Leading strategies for trading COMEX copper futures

CME Group’s first copper futures contract was traded on July 29, 1988. Known as “high-grade copper,” the product provided traders and investors with a way to gain market exposure to one of the world’s leading base metals. Today, COMEX copper futures are a very popular market that has earned a reputation as “the new oil.”

In 2008, CME Group completed its acquisition of Commodity Exchange Inc. (COMEX). With him, CME Group expanded its reach into metals trading, offering contracts such as gold, silver and copper. Let’s take a look at COMEX copper and two essential strategies for trading this exciting market.

Learn about COMEX copper futures

Perhaps the biggest advantage of CME Group futures trading is transparency. Each contract is standardized and all specifications are available to the public. Monitoring specs applies to COMEX copper futures:

Symbol HG
Contract size 25,000 pounds
Prices US dollars and cents per pound
Business hours Sunday through Friday from 6 pm to 5 pm CT (60 minute break each day)
Tick ​​size 0.0005 per pound
Tick ​​value $ 12.50 per tick
Settlement Physical delivery
Expiration Monthly (the nearest 24 months) and March, May, July, September, December in the nearest 63 months

In addition to full-size copper, CME Group also offers E-mini (QC) copper futures. At half the size of HG’s contract, E-mini Copper is a way for active traders to contract silver on a smaller scale. However, the QA contract has limited liquidity, so maintaining efficient trading can be challenging.

Strategy n. 1: Bullish on Copper

The green energy revolution has brought a changing dynamic to the copper markets. The Copper Development Association estimates that the proposed transition to electric vehicles (EVs) will increase global demand for copper by approximately 1,700 kilotons by 2027. Given this sustenance, many professional metal traders are extremely bullish on copper.

The easiest way to capitalize on a bullish bias is to simply buy or “go long” one or more HG futures contracts (lots). To illustrate, suppose you want to invest in a batch of COMEX copper futures before the fall season:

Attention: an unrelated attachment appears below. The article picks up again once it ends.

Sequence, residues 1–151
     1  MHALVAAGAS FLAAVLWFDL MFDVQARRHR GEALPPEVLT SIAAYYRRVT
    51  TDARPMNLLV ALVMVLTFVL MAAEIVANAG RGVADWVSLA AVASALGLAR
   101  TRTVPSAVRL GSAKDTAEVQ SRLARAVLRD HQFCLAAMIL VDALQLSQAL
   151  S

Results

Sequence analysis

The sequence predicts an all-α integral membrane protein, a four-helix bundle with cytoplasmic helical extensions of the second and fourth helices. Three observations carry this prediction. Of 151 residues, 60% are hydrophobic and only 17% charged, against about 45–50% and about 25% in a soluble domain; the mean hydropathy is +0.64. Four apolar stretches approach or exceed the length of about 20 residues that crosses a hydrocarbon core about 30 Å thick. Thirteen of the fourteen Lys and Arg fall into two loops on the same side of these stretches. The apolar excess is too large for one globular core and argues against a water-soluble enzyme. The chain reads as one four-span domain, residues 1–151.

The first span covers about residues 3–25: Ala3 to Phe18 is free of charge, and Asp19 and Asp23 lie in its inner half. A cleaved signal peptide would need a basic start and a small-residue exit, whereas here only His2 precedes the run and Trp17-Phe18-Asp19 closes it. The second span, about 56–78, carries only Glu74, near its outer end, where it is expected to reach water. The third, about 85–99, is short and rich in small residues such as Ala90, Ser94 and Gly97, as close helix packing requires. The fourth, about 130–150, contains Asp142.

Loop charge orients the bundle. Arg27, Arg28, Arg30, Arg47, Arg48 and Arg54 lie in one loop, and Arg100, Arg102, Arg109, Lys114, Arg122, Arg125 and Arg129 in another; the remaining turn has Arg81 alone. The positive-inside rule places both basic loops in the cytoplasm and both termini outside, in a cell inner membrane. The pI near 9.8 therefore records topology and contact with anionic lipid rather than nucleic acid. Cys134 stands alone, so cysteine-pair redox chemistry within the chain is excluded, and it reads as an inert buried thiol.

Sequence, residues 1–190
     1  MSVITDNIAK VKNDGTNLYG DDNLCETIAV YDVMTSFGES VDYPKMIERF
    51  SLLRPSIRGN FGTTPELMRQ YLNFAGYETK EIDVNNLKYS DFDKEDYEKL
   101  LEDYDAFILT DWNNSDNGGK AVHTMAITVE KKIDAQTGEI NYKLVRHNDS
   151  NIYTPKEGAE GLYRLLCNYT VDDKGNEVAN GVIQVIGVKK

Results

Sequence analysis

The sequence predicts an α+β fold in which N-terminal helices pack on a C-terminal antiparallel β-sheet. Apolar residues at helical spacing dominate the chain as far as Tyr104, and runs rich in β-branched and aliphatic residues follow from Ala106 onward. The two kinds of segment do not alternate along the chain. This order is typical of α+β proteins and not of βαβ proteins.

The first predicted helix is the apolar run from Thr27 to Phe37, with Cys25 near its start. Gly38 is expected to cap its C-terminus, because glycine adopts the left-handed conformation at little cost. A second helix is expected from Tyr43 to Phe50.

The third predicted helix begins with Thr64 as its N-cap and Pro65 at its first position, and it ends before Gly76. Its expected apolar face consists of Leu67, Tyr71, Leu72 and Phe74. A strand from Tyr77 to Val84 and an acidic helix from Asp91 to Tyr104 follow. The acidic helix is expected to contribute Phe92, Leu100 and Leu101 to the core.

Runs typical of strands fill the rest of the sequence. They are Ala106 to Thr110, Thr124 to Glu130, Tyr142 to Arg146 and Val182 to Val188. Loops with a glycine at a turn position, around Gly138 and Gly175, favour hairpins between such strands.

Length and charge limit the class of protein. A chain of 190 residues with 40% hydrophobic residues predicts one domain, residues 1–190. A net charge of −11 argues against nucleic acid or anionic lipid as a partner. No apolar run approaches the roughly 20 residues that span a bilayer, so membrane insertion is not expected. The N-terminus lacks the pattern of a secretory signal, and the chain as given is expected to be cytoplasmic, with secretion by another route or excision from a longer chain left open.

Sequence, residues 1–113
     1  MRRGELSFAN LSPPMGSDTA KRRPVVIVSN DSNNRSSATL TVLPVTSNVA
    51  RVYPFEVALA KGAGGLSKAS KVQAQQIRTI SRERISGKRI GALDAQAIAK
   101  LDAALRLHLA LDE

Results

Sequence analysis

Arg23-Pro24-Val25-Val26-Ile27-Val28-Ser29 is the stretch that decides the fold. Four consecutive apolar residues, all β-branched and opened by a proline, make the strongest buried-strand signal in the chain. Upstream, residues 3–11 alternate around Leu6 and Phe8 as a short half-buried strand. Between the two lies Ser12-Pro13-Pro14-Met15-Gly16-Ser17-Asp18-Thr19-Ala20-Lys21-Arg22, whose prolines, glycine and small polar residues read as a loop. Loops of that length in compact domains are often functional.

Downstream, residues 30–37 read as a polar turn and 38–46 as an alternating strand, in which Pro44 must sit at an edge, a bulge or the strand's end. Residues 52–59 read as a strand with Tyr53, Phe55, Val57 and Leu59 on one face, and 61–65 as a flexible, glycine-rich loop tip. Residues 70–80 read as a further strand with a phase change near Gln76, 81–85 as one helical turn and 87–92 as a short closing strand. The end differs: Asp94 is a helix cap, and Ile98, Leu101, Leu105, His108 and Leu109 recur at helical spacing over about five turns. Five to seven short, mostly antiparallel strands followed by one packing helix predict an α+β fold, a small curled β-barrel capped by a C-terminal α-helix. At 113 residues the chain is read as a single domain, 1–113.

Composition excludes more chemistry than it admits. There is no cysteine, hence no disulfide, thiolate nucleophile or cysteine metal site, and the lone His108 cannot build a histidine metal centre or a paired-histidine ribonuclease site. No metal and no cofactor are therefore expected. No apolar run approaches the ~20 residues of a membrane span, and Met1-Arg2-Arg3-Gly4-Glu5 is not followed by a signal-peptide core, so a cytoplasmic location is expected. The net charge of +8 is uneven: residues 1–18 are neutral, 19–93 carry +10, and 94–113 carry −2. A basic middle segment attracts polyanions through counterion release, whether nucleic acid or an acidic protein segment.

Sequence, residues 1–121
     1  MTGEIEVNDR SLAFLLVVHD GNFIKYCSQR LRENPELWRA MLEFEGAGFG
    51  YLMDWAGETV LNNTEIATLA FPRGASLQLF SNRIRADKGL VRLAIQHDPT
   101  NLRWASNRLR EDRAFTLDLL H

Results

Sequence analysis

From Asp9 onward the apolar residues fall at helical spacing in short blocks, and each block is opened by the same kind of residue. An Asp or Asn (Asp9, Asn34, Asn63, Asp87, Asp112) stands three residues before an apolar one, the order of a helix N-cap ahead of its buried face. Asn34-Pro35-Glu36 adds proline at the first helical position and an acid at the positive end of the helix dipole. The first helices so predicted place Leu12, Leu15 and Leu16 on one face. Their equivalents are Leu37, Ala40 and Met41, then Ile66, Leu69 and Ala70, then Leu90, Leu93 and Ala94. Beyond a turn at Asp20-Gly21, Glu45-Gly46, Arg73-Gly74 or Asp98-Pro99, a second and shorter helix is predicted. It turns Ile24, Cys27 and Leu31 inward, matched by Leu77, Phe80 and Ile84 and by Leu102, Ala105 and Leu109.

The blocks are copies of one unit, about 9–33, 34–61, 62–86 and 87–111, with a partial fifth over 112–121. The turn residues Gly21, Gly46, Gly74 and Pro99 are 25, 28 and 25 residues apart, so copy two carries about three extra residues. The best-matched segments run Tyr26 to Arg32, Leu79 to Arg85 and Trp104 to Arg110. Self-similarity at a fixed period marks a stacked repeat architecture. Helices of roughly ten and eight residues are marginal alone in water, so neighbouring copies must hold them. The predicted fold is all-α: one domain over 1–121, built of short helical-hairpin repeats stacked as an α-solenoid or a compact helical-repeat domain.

1. A limit buy order for one lot of HG August futures is placed on the market.
  2. The order is completed, opening a new long position.
  3. Your account publishes the initial margin requirement ($ 6.050). (Margin requirements are subject to change.)
  4. Your account is credited or debited by $ 12.50 as the price per pound increases or decreases by $ 0.0005. As the price rises above the entry, the trade generates unrealized profits; if the price falls, there is a reduction of the account.
  5. To close the long position, a lot of HG is sold on the market.

Strategy n. 2: bearish on copper

In commodity markets, there is a bear for every bull. And while it can be argued that EV demand will drive copper prices up, others may argue that a strengthened USD will be a commodity market deflator. If you are biased to the latter point of view, then COMEX’s bearish copper futures strategies are viable.

The best way to ensure bearish exposure to the copper market is by selling HG futures, or by “shorting the market.” Suppose you are interested in shortening a lot of copper in the late summer months. To execute this strategy, the following progression is implemented:

  1. A sell limit order for an HG August futures contract is entered into the market.
  2. The order is completed and a new short position is opened.
  3. Your account posts the initial margin requirement ($ 6,050). (Margin requirements are subject to change.)
  4. Your account is credited or debited by $ 12.50 as the price per pound increases or decreases by $ 0.0005. As the price falls below the entry, the trade generates unrealized profits; if the price increases from this point, there is a reduction of the account.
  5. To close the active short position, an order for one lot of August HG futures is placed on the market.

Bullish or bearish on copper?

Perhaps the biggest benefit of trading COMEX copper futures is flexibility. You can go long or short and define market exposure according to your own risk tolerance. However, to make money doing so, you must first understand the basics.

If you’re ready to get actively involved in copper futures, check out our free e-book Basic training for futures traders. It will help you get up to speed with disciplined trading, goal setting, futures functionality, and much more. Do not waitto download Basic training for futures traders today!

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